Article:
Sake fangirls and fanboys flock to Omachi rice like Berkeleyites at the site of the season’s first organic Cherokee Purple tomatoes. Omachi is the oldest known sake rice strain with no genetic cross-breeding. It creates sakes that are layered, earthy, diversified, and herbal. Omachi continues to enamor sake lovers and makers for its complexity, and the fact that it’s a varietal that has been around for generations.
Sake rice is typically 30% larger than regular eating rice with a bigger starchy core and the stalks grow to be about 25% taller. Here is a chart of the top four rice strains used for sake making, with the star of this month in the fourth spot.
|Rice Variety||Origin||Genetic Parents||Taste Profile|
|1||Yamada Nishiki||Hyogo||Yamada-Ho + Watari Bune||Fruity, floral, melon|
|2||Gohyakumangoku||Niigata||Kikusui + Shin-200-go||Light, clean, green apples|
|3||Miyama Nishiki||Nagano||Genetically-modified Takana Nishiki||Light, sharp finish, banana|
|4||Omachi||Okayama||None||Layered, herbal, earthy|
Omachi stands out from the rest given that it is neither a cross breed nor genetically modified. As the oldest identified sake rice variety, it reigned supreme nearly 70 years since its discovery in the 1860s. But along came Yamada Nishiki in the 1920s, with shorter stalks for easier harvests and a more round shinpaku (starchy core) which degraded less during milling. Hence, Omachi was dethroned as the number one used sake rice. It wasn’t until the 1980s, with better tools and technology for harvesting, that sake makers started to rediscover Omachi for its ability to create complex sakes with herbal hints.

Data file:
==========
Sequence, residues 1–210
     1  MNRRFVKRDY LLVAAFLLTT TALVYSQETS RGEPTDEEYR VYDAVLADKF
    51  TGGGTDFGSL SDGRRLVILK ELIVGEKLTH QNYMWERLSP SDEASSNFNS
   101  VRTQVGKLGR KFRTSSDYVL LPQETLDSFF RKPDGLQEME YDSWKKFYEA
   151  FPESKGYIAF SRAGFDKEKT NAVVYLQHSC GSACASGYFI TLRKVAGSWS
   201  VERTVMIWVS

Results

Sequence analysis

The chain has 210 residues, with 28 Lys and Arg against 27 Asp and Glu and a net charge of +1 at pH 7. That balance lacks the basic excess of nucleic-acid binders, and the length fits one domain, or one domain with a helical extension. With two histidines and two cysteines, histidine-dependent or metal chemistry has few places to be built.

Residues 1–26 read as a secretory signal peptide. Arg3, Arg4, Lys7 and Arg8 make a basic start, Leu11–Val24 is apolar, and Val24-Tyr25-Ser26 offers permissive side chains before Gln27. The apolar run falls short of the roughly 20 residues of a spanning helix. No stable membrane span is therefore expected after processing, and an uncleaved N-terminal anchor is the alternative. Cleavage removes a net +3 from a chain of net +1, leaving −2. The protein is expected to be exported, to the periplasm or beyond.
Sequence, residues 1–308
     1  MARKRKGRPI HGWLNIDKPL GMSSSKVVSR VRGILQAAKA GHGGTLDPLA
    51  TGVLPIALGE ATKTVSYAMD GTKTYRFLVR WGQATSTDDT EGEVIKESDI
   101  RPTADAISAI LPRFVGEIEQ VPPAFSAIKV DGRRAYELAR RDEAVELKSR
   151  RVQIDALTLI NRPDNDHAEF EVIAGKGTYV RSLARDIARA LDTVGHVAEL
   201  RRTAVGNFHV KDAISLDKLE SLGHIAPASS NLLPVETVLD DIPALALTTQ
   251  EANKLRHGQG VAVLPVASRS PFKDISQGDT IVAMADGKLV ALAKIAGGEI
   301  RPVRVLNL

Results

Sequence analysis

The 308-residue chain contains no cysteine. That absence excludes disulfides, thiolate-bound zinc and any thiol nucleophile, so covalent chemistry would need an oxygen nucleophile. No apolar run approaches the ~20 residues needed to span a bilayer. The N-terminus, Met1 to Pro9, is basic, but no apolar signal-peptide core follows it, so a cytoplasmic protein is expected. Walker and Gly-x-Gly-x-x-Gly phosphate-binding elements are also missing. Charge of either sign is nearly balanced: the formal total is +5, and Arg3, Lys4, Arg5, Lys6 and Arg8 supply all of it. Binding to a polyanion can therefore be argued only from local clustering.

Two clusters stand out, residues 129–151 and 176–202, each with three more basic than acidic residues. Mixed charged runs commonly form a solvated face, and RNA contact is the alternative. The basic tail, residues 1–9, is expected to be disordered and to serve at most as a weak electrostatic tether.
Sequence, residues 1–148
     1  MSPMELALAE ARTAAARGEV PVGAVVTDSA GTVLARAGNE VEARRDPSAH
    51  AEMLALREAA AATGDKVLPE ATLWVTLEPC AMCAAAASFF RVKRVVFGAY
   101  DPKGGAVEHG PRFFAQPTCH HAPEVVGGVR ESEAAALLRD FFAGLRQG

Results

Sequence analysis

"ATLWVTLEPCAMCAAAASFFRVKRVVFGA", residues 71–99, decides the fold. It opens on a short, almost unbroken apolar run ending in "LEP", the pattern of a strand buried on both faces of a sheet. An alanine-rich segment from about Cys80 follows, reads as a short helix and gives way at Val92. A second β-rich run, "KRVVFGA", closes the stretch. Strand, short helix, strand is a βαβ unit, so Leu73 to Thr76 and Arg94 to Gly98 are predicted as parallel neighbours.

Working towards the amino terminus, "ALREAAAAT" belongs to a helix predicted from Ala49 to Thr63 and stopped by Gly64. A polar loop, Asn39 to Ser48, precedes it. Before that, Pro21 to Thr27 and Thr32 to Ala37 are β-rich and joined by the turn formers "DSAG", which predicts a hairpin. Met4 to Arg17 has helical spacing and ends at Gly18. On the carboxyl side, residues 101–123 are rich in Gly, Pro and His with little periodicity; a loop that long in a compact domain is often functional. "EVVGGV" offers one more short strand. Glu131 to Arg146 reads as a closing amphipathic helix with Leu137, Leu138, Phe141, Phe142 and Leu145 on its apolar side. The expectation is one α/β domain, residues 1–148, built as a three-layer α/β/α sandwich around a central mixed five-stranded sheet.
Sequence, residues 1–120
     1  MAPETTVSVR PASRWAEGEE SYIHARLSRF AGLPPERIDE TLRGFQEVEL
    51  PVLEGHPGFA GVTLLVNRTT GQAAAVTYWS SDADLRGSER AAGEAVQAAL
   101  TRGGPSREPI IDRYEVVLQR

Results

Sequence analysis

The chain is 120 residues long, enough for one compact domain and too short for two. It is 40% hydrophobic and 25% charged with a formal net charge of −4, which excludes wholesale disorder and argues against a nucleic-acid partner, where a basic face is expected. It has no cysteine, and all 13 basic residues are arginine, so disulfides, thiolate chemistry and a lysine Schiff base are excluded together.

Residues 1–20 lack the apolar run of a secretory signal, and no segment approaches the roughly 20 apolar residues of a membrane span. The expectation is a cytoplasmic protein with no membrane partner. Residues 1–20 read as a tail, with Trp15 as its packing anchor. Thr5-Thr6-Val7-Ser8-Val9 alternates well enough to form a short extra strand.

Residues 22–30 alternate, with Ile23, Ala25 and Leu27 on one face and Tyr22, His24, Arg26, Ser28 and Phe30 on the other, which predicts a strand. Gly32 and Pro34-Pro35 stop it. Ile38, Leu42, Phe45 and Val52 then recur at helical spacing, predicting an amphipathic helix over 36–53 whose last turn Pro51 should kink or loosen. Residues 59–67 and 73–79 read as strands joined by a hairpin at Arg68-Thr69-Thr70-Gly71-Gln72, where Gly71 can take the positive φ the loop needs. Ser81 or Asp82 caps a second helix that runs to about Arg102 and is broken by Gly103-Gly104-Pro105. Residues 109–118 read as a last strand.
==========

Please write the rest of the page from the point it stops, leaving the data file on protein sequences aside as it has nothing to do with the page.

The spectrum of sakes that Omachi rice produces is impressive. From the smooth, jasmine-like Maboroshi Junmai Ginjo to the kombu and dark chocolate laden Omachi Tokubetsu Junmai, you can be sure to experience a journey of flavors from nose to tail.
LEVEL 1: Introductory Membership (Two 300ml bottles)
Bizen Maboroshi Junmai Ginjo
Muromachi Brewery (Okayama, Japan)
Seimaibuai: Omachi 60%, SMV: +2
This bottle of sake reminds me of an early summer hike on a grassy knoll full of dandelions. With hints of sweet jasmine and white pepper finish, the journey of this bottle will make you feel like your office is a million miles away. Brewed in the birthplace of Omachi rice, Okayama Prefecture, Bizen Maboroshi Junmai Ginjo is a perfect example of a layered Omachi sake. Pair chilled with carrot salad dressed in a light vinaigrette or steamed artichoke.
Bizen Omachi Junmai Daiginjo
Tamano Hikari Brewery (Kyoto, Japan)
Seimaibuai: Omachi 50%, SMV: +3.5
Hailing from one of our favorite breweries in Kyoto, this clean daiginjo yields a large bandwidth of flavors ranging from fruity pears (likely the daiginjo yeast) to refreshing grassy finish (the Omachi). Bizen is the name for Omachi grown in Okayama Prefecture and is highly prized. Enjoy the smooth flavors and dry finish chilled alongside oysters, ikura or a blue cheese.
LEVEL 2: Premium Membership (Two 720ml bottles)
Seiden Omachi 50 Junmai Daiginjo
Akita Seishu (Akita, Japan)
Seimaibuai: Omachi 50%, SMV: +1
Good things are worth waiting for. We had to special order these bottles in the beginning of 2019 to get them in time for Omachi month. This crisp sake full of lemongrass, pear, and green apples is a staff favorite! It’s a perfect summer sake that embodies both the layered and herbal qualities of Omachi. This sake is pastuerized only once, making it silky and lively. Enjoy chilled with chicken karaage, salami, or a sharp cheese.
Omachi Tokubetsu Junmai
Choryo Brewery (Nara, Japan)
Seimaibuai: Omachi 68%, SMV: +3.5
Robust and full of umami, this sake brewed with Omachi rice is full of personality. We tasted dark chocolate, kombu, mushrooms with a hint of ginjo aroma. Despite a rich entry and pronounced acidity, this sake ends clean and dry. We thought it would be great warmed, but ultimately liked it at room temperature. Pair with something rich: kimchi nabe, pork belly, or smoked tofu.